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eVTOL Insurance: The industry, Challenges and Insurance Considerations

10 min read
February 1, 2023
eVTOL Insurance: The industry, Challenges and Insurance Considerations

The sweeping eVTOL fever that seems to be taking the world by storm is definitely no joke. As we make our way into the future, we stand witness to the rapid changes in all fields, including in the aircraft and transportation industry. 

Currently, there are some estimations that more than 300 eVTOL companies are deep in their advanced testing phases while boosting millions of dollars and securing lucrative contracts. All of this is with one goal – to get their eVTOL model up and running.

With technology rising, the future has a lot to unravel. In this article, we will inspect both perks and challenges of an eVTOL aircraft and also cover aspects such as certification and safety, and dig inot the different types of insurance, the costs, and more. 

What exactly is eVTOL?

The concept of eVTOL has been around for over a decade with organizations like NASA working on the technology for quite some time. eTOL, or an electric vertical take-off and landing aircraft is a vehicle that uses electric power to hover, take off. and land vertically. It's much cleaner and efficient than the traditional gas power aircrafts used today. It's also becoming an intriguing alternative solution to ground transportation.

Standard Taxi vs. eVTOL Taxi

Before we dive into the eVTOL craze, the question that comes to mind is why this improvement considering the world currently does have well-functioning standard taxies. The answer is time-saving.

In today’s busy life, people have a higher appreciation for their time rather than other aspects. The latest Deloitte analysis shows that a standard taxi ride charges $2 per mile, while eVTOL air travel costs are presumed to cost $3 per seat per mile. So, a standard taxi traveling at 25 mph for 66 minutes will cost $55, while 15 min air travel with eVTOL at 15mph will cost $75 per seat.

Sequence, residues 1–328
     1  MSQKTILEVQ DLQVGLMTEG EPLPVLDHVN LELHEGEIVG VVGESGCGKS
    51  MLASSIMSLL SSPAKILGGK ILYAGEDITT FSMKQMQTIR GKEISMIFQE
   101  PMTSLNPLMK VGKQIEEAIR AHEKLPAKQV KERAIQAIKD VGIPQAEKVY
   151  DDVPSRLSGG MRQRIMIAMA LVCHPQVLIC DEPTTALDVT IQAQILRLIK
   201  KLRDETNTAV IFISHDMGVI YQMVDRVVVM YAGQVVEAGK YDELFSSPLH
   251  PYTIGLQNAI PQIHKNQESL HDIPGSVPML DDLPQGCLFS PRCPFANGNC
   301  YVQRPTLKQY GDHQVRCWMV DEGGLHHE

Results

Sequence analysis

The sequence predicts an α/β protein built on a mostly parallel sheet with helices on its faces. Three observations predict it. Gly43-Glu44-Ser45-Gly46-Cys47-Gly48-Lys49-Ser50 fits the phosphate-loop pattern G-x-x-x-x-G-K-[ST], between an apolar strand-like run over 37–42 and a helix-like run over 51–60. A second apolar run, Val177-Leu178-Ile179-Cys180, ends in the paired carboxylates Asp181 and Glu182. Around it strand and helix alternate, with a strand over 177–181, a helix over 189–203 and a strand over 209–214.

Although the cost of eVTOL is much higher (based on these estimations) than that of land travel, the time difference is more than half an hour saved. What’s more, eVTOL can be used to transfer people or packages between two quite distant places – in only an hour or less.

Helicopters vs. eVTOL

Another comparison made after the release of eVTOL vehicles is between them and helicopters. Naturally, there are plenty of differences; however, the biggest one is energy consumption and environmental impacts. Namely, helicopters use gallons of fuel, whereas some eVTOL aircraft emit zero emissions, relying solely on a rechargeable battery. 

Moreover, eVTOL vehicles create less sound making them great as a daily transportation matter. Regarding the aspect of cost, these two are more or less the same, with the prediction of eVTOL aircraft being far more accessible to regular people.

What are the benefits of eVTOL?

As we have seen, eVTOL can have big advantages for all people. In the following sections, we’ll go into more detail about everything these aircraft can offer.


When trying to find out more about eVTOL, you are more than likely to come across concepts such as UAM (Urban Air Mobility) and AAM (Advanced Air Mobility). These terms are used to define the emerging carbon-neutral aircraft known as eVTOL. 

Among the many practical uses of this type of revolutionizing flying technology, the most obvious one is the ability to move faster from one point to another. Unlike the standard taxis eVTOLs are not land-based, which is a good way to make the streets less crowded and add more ease to transport.